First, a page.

Nuevas técnicas de secuenciacion de adn

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New Biotechnology  Volume 25, Number 4  April 2009


Wilhelm J. Ansorge
Ecole Polytechnique Federal Lausanne, EPFL, Switzerland

Next-generation high-throughput DNA sequencing techniques are opening fascinating opportunities in the life sciences. Novel fields and applications in biology and medicine are becoming a reality, beyond the genomic sequencing which was originaldevelopment goal and application. Serving as examples are: personal genomics with detailed analysis of individual genome stretches; precise analysis of RNA transcripts for gene expression, surpassing and replacing in several respects analysis by various microarray platforms, for instance in reliable and precise quantification of transcripts and as a tool for identification and analysis of DNA regionsinteracting with regulatory proteins in functional regulation of gene expression. The next-generation sequencing technologies offer novel and rapid ways for genome-wide characterisation and profiling of mRNAs, small RNAs, transcription factor regions, structure of chromatin and DNA methylation patterns, microbiology and metagenomics. In this article, development of commercial sequencing devices is reviewedand some European contributions to the field are mentioned. Presently commercially available very high-throughput DNA sequencing platforms, as well as techniques under development, are described and their applications in bio-medical fields discussed.

Next-generation high-throughput DNA sequencing techniques, which are opening fascinating new opportunities in biomedicine, wereselected by Nature Methods as the method of the year in 2007 [1]. However, the path to gaining acceptance of the novel technology was not an easy one. Until a few years ago the methods used for the sequencing were the Sanger enzymatic dideoxy technique first described in 1977 [2] and the Maxam and Gilbert chemical degradation method described in the same year [3], which was used in sequence cases whichcould not easily be resolved with the Sanger technique. The two laboratories where the first automated DNA sequencers were produced, simultaneously, were those of Leroy Hood at Caltech [4], commercialised by Applied Biosystems, and Wilhelm Ansorge at the European Molecular Biology Laboratory EMBL [5,6] and commercialised by Pharmacia-Amersham, later General Electric (GE) Healthcare. The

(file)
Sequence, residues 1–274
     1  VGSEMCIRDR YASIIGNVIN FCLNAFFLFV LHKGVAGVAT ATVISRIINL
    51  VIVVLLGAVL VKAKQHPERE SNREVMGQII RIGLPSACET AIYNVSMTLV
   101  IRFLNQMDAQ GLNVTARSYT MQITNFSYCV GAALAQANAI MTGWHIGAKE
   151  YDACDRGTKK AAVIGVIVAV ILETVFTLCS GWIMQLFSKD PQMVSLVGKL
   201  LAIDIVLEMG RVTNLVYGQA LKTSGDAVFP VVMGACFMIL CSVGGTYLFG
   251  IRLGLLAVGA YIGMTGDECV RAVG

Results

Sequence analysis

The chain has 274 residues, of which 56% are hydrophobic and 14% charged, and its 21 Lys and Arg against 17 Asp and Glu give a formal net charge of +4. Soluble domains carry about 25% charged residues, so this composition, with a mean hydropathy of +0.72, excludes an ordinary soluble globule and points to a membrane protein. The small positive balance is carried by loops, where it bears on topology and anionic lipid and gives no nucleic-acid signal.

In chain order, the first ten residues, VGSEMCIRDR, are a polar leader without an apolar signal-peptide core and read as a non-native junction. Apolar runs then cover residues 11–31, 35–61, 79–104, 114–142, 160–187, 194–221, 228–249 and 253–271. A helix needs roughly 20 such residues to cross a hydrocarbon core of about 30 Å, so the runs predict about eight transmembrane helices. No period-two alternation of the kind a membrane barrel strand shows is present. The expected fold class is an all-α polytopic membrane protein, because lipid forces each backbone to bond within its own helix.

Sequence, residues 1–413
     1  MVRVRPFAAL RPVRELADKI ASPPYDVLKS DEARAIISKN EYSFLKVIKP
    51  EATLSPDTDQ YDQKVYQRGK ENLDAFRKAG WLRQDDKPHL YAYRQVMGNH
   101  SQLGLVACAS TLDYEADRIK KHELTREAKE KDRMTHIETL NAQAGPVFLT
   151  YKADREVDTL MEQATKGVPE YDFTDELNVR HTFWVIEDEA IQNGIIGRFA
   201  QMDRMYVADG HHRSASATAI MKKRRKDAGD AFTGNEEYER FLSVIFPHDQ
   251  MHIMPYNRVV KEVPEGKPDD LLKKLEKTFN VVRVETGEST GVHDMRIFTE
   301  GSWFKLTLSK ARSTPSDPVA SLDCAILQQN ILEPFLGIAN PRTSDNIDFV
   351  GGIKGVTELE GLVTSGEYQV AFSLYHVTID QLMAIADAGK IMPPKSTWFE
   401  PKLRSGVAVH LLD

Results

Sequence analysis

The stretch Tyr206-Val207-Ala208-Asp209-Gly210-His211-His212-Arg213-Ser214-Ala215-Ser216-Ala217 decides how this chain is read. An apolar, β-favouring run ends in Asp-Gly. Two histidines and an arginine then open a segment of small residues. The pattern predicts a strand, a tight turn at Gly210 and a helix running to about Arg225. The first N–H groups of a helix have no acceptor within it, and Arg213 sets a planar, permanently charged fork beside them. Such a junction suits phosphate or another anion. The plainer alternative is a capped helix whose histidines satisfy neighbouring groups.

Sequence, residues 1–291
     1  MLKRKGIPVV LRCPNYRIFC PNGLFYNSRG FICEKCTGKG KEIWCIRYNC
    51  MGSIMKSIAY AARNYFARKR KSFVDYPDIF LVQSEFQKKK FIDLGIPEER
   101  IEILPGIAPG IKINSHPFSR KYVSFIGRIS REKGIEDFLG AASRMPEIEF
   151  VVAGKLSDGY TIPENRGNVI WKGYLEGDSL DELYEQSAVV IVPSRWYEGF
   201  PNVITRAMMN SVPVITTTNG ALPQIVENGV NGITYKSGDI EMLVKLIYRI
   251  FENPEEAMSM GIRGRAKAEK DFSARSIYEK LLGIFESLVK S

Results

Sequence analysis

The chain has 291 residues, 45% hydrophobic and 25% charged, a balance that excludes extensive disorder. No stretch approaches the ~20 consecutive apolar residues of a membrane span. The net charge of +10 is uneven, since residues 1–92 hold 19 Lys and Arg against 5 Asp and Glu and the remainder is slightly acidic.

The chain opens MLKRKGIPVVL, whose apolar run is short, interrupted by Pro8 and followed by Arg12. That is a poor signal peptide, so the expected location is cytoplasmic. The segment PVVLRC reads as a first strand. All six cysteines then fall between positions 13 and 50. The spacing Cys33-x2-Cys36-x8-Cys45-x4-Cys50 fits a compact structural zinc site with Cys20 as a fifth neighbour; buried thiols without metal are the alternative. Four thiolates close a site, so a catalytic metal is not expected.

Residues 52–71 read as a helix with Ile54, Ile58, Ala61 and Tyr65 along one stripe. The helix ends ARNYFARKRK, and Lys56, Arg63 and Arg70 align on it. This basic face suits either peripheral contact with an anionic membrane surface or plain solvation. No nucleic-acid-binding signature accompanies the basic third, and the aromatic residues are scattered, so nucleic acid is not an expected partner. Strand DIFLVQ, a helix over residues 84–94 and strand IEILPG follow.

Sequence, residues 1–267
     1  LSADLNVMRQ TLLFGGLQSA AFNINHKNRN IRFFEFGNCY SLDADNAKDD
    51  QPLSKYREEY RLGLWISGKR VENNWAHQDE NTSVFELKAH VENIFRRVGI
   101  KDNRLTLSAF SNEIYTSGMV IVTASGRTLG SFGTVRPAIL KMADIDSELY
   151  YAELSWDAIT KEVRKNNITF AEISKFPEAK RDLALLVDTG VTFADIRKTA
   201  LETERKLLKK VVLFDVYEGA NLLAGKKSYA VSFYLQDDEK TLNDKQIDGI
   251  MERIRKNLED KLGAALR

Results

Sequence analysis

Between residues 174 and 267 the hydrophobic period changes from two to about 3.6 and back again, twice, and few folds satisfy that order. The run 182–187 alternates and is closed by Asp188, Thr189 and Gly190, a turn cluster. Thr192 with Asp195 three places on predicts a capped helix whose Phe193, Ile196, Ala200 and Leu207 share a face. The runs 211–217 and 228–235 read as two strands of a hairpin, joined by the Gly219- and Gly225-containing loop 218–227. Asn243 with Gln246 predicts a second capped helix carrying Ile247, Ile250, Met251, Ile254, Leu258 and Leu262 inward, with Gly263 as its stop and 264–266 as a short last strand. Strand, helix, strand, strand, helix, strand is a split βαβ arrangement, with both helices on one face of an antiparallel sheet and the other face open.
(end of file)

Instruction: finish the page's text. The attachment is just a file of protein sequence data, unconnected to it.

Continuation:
1871-6784/$ - see front matter ß 2009 Published by Elsevier B.V. doi:10.1016/j.nbt.2008.12.009

Sanger method was used in the first automated fluorescent project for sequencing of a genome region, in which sequence determination of the complete gene locus for the HPRT gene was performed using the EMBL technique; in that project the important concept of paired-endsequencing was also introduced for the first time [7]. The achievement of successful and unambiguous sequencing of a real genomic DNA region, loaded with many sequence pitfalls like Alu sequences in both directions of the HPRT gene locus, demonstrated the feasibility of using an automated fluorescence-based technique for the sequencing of entire genomes, and in principle the feasibility of thetechnical sequencing part of the Human Genome project. When the international community decided on determination of the whole human genome sequence, the goal triggered the development of techniques allowing higher sequencing throughput. In Japan, the work on fluorescent DNA sequencing technology by the team of H. Kambara ( in the Hitachi laboratories resultedin the development after 1996 of a high-throughput capillary array DNA sequencer. Two



Next-generation DNA sequencing techniques


New Biotechnology  Volume 25, Number 4  April 2009

companies, ABI (commercialising the Kambara system) and Amersham (taking over and developing further the system set up in the US by the Molecular...
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